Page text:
Instead of writing a million more posts about Japan, I'm going to finish it off here so that I can start writing other things. When you boil all of my experiences in Japan down, you're left with one common theme - Japan is way better than the US.
In America we're all so proud that we're such a tolerant society. We tolerate each other's differences because that tolerance is passed on to us and we get to do whatever we want.
Japan is different. More than tolerance, they have an overwhelming underlying respect for everyone and everything. It's almost crazy. The best example is the subways. In the subways there are advertisements hanging from the ceiling of every subway car. They aren't plastic, tyvek, or even laminated paper. They're just paper like a poster.
Any one of the thousands of train riders each day could easily rip the ad, crinkle the paper, or pull it down. It would take a trivial amount of effort, and there are no authorities in the subway. Yet no one does. Ever. It's the craziest thing I'd ever seen. In New York these ads would last for about 4 seconds before they were torn down.
In Japan there is no tipping anywhere, and tax is always included. Did you order something that cost 1000 yen? Then you pay 1000 yen and leave. It's that easy. We went to only one restaurant that had tipping and it was 10% that was added automatically. That might have been an outrage if we didn't have a chef cooking at our table for the entire meal.
Think the service suffered? Nope! The service is WAY better than any service I've had in the US because they're helpful and genuinely care if you're having a good dining experience or not. They're not putting a fake smile on their faces while they tolerate you like our waiters. Even better, there are little buttons at the tables sometimes which summon a waiter. Once we pressed it and we had a waiter at our table in 10 seconds, with another coming 10 seconds later to see if he could help. Amazing.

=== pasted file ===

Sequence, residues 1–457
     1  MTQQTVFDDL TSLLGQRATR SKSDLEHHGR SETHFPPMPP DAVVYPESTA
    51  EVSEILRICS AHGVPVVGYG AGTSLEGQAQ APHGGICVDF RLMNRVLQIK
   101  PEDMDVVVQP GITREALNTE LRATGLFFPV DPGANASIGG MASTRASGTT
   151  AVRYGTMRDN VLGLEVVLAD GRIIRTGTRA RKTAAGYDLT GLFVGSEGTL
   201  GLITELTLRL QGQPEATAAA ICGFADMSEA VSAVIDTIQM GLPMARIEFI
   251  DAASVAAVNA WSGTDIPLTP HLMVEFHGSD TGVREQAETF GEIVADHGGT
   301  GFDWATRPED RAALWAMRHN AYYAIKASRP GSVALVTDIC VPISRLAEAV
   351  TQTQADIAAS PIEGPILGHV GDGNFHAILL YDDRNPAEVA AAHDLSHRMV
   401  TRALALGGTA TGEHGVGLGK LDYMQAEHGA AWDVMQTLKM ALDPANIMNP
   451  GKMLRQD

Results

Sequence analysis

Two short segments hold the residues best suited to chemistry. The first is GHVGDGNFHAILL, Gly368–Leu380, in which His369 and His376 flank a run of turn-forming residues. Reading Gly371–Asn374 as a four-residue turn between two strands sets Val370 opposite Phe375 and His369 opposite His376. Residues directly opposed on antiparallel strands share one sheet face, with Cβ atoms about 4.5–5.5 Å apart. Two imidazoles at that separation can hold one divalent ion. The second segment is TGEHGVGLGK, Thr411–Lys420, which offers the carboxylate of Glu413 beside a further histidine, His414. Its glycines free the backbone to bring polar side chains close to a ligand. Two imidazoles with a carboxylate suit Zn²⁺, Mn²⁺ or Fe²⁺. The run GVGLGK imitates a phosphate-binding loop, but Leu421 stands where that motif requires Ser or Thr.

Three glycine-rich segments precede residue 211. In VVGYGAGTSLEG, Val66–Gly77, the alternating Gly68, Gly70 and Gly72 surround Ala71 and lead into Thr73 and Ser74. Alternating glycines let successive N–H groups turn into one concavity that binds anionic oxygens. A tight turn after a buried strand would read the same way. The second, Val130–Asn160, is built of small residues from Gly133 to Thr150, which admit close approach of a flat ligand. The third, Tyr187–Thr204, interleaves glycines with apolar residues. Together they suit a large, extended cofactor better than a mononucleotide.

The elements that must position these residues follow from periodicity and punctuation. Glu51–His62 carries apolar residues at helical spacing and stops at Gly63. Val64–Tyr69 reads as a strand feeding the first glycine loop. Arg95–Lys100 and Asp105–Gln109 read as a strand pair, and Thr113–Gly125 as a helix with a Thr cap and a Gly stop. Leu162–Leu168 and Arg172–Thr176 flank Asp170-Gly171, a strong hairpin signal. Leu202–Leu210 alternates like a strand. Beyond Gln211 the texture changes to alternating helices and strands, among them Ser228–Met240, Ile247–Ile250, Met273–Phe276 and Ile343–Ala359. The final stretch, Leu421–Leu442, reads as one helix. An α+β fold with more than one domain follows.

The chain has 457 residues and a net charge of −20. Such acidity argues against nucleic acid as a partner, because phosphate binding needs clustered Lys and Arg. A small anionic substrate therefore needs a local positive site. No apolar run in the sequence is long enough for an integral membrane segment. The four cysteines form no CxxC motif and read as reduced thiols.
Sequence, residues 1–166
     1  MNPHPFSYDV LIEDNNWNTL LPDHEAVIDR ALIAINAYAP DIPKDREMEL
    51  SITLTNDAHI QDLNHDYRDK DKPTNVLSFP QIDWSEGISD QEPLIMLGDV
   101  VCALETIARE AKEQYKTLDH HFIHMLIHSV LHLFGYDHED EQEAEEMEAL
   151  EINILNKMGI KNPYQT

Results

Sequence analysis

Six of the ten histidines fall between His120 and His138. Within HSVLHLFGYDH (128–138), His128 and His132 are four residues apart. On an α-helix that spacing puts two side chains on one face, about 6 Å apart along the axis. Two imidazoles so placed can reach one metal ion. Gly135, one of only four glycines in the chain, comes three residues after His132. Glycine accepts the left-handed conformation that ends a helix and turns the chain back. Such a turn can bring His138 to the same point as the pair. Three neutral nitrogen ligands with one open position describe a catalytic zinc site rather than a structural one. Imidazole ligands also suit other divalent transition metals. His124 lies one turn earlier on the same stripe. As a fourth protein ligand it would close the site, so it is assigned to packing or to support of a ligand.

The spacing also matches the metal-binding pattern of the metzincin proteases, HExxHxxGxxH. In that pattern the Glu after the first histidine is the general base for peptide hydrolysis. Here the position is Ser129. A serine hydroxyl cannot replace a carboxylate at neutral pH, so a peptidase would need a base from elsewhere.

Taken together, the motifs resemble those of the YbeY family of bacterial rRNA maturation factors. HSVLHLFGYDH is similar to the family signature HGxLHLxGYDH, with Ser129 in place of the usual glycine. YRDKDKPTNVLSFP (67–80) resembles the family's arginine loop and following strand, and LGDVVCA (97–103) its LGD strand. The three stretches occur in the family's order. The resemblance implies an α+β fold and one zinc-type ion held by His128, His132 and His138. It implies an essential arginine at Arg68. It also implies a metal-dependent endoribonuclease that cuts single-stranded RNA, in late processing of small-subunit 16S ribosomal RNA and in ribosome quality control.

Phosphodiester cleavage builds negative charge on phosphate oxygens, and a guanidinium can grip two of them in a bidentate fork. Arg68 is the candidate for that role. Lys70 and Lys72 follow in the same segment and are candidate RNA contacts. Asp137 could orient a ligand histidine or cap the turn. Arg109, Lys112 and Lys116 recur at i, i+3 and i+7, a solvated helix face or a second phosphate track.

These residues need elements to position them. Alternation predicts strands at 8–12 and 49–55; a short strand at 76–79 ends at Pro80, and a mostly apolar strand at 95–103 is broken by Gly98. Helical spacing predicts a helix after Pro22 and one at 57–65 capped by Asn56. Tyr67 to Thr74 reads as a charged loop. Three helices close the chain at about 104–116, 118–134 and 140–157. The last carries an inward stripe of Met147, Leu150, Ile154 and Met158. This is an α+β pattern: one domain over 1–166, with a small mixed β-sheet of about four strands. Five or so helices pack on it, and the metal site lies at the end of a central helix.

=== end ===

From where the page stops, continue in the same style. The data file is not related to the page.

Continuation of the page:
Even the police in Japan are better. Since there is basically NO CRIME, they don't have a lot of crimefighting to do. Japan is so safe that people leave their bikes everywhere unlocked with their belongings in the baskets. People don't even litter - who is going to take a bike? I would feel totally safe leaving my laptop on the sidewalk for an hour while I walked somewhere. It would be there when I got back.
The last day we were there, Todd and I wanted to make sure that we knew where the Narita Express train was to the airport so that we could go check out the Imperial Palace and then go straight to the train. We asked the police where the train was and they showed us. We then left the station to check out the palace.
A block later a policeman stopped us. He had been following us and trying to catch up. What was the offense? None - he just wanted to make sure that we knew where the train was. That would NEVER happen in the US. Even though we were ugly Americans he still had the respect to come help us when he thought we needed it.
Remember my post about cell phone etiquette? Everyone in Japan already does all that. Other than our when our guide, a beautiful girl dressed in a traditional Japanese kimono who walked around with us all day for free, was trying to find out from her friends which restaurant was best, I don't think we ever saw anyone talking on their phones in public. It just doesn't happen.
Everyone in Japan is skinny and healthy looking. Their food isn't particularly healthy, but the portions are small and everyone walks miles each day to and from train stations. As soon as we got back to the US we were amazed at how fat and obnoxious everyone was. Now I finally understand why people don't like Americans.
The subway system, by the way, is totally amazing. It's a hodgepodge of several privately owned rail lines that criss cross to cover the entire country. I'm pretty sure that you can get within walking distance of anything in a remotely metropolitan area for a few dollars from anywhere by train. Even though they're owned by different companies, it's seamless. Each station has the same features and lets you transfer painlessly. It's not fair to compare this to the US since we're a lot bigger, but it's still amazing.
Oh, and for one last reason why Japan is amazing, check out this video: